LGBT rights take center stage at surprise Atlanta anti-Trump protest march

What began as a peaceful rally in support of commonsense gun legislation became an anti-Trump protest march through downtown Atlanta on Friday, when the president was in town speaking to the National Rifle Association.

Leslie Hodges, an Atlanta resident who attended the rally, said she felt “we’re trying to live in the Wild West again.”

“We just think there needs to be some common sense about how we deal with guns in this country,” Hodges told Georgia Voice. “I have a gun and I’m a good shot, but I don’t think civilians need to be running around with assault weapons, with high-capacity clips where they can kill 60 people in a few seconds. I just think there’s a commonsense place everybody can get to where guns are regulated in a way that we have a safe country.”

Following a rally at Woodruff Park where at least 90 individuals conducted a “die-in” to symbolize the number of Americans killed each day by gun violence, Georgia Alliance for Social Justice’s Janel Green took to the megaphone to ask if Atlantans wanted to have a little civil disobedience.

Chanting all the way to the CNN Center, the original rally crowd was quickly joined by other groups and individuals protesting the NRA and the president. One businessman braved the heat in his suit with a hastily drawn “Trump is Lame” sign to walk the rest of the route.

When the march reached the CNN Center — and the line of police outside — protestors took turns at the megaphone, addressing the president, Republican Sen. David Perdue, Congressional candidate Karen Handel and the NRA with a plethora of concerns, including LGBT rights.

“I’m 17 and I’m gay and for the first time in my country, I’ve been afraid to grow up and love who I want,” one young woman said.

Others called out Republican leadership for disrespecting LGBT individuals, women, African-Americans and immigrants.

“I’m a foreigner,” one woman, who earlier cheered as a first-time protestor, said. “I came here to get a good education and do a good job. I need for Donald Trump to stop it with the immigrants. We are people too.”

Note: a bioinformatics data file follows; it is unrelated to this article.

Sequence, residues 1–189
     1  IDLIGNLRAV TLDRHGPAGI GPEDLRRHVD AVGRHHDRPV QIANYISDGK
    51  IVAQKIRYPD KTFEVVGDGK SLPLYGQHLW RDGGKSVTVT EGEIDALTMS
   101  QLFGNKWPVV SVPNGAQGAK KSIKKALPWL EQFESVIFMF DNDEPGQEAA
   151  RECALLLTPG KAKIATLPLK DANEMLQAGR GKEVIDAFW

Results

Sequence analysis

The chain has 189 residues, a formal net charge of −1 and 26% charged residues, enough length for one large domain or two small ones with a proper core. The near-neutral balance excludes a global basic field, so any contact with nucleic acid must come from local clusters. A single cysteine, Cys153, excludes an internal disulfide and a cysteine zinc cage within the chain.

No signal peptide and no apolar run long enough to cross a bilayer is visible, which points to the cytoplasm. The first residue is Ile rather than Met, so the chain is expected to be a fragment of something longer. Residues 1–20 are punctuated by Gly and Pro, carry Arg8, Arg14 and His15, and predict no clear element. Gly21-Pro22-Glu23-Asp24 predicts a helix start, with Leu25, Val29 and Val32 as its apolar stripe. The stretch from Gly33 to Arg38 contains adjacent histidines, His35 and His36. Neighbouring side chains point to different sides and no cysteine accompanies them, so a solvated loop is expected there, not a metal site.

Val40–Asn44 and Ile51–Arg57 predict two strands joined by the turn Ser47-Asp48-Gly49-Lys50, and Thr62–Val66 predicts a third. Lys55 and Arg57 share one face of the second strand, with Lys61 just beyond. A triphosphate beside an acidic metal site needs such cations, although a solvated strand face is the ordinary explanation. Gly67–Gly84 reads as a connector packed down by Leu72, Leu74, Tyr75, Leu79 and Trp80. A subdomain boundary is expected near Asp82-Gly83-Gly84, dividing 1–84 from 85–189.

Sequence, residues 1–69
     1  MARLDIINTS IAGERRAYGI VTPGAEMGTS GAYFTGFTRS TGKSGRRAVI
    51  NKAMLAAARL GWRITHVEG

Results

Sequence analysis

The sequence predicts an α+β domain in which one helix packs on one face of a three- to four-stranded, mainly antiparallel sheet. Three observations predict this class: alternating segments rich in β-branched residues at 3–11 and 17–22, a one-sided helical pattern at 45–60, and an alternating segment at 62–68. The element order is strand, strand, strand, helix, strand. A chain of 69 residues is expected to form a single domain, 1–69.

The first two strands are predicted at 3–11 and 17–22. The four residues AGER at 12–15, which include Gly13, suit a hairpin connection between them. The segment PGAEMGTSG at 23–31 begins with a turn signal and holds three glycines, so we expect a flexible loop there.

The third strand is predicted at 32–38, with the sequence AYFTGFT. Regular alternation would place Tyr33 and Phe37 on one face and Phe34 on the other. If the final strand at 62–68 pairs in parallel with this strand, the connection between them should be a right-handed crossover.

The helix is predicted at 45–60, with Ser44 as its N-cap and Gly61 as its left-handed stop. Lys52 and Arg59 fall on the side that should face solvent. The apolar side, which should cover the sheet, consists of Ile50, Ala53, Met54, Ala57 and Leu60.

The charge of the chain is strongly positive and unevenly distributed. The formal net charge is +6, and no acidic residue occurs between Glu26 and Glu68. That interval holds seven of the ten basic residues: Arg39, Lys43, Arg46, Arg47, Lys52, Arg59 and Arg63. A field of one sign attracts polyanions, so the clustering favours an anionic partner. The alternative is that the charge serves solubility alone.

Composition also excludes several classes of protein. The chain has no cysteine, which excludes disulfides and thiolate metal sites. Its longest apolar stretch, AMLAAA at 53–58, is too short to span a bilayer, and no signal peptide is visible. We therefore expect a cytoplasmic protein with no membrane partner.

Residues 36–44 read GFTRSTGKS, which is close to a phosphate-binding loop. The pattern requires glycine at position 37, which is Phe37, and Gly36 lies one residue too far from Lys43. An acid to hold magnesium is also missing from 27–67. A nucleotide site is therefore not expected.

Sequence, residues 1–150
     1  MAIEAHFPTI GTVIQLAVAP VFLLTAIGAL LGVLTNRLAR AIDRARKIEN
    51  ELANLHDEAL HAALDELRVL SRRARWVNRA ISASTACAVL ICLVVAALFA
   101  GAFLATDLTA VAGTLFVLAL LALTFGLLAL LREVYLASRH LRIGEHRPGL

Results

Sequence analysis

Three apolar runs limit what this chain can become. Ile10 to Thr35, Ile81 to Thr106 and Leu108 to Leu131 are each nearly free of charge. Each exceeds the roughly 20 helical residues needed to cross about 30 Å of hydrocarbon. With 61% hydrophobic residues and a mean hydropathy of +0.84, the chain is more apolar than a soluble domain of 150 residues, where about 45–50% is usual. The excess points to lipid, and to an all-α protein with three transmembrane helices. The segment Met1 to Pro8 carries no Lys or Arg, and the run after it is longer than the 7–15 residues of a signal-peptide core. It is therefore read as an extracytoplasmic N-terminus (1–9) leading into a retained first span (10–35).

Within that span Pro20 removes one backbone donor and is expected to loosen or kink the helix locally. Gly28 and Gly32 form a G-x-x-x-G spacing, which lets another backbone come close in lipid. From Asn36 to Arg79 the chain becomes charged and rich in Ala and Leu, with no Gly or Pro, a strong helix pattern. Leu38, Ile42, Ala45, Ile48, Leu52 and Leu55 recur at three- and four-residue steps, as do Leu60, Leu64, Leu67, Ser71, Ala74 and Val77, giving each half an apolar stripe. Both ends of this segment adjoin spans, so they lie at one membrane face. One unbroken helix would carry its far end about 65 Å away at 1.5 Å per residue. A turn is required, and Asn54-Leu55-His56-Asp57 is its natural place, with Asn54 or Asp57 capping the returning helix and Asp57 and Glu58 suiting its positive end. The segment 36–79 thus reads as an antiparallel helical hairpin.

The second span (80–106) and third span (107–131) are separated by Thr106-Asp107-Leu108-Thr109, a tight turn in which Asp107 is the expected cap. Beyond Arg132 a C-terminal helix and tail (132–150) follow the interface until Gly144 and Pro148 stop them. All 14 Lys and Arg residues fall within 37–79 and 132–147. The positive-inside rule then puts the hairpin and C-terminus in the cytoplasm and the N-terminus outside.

Campus carry a focal point of protestors

“It is very unfortunate that more than 50 years ago, Dr. [Martin Luther King Jr.], the nonviolent creature, died, bled and gave a speech saying that he had a dream — and today we are still dreaming,” one woman said at the CNN Center. “Know this, Donald Trump. You have stepped into a city of greatness. You stepped into a land of not only dreamers, but also of doers and it’s not going down on our watch. … We stand up for what we believe in.”

Her remarks continued those of the earlier rally, where the focus remained encouraging Gov. Nathan Deal to veto the Georgia campus carry bill, which sits on his desk for the second year in a row. Guest speakers also said the NRA tricked its members into a false idea of what its priorities are.

“Donald Trump thinks we’re dumb enough to believe that the NRA speaks for us and wants to protect us,” said Brian Long, executive director of Better Georgia. “What would lead Donald Trump to shill for the NRA? Other than his natural talent for telling lies, what could possibly motivate Donald Trump to fly into Atlanta — a city he hates — and push the NRA’s agenda? The answer is $30 million. The NRA spent $30 million to elect Donald Trump and gain White House support for its dangerous and extreme agenda.”

Kim Parker Russell, an Atlanta native who now lives in Brooklyn, New York, said she returned home to give the NRA an earful. She was shot in Atlanta 18 years ago.

“The NRA today is not your grandfather’s NRA. Responsible gun-owning NRA members have been duped,” Russell said. “They’re not about sportsmanship. They’re not about safety. They’re about selling guns. How do you sell guns? You gin up fear. You make every American think their doomsday is coming and they need a gun. … What the NRA members don’t see is that this is what their real agenda is.”

Gerald Griggs of the Georgia Alliance for Social Justice said his organization has no problem with people using their Second Amendment rights, but believes the NRA puts up roadblocks against they legislation they’re in favor of.

“What we are against is high-capacity guns and magazines that are causing an increase in gun violence and the mass shootings that are occurring across the country,” he said.

The fight against campus carry continues with week 15 of the #ResistTrumpTuesdays movement, where Georgians raise concerns with the governor and Sen. Perdue.

Anti-campus carry #ResistTrumpTuesdays rally and march
Tuesday, May 2, at 12:30 p.m.
191 Peachtree Street NE, Atlanta
March will end at the state Capitol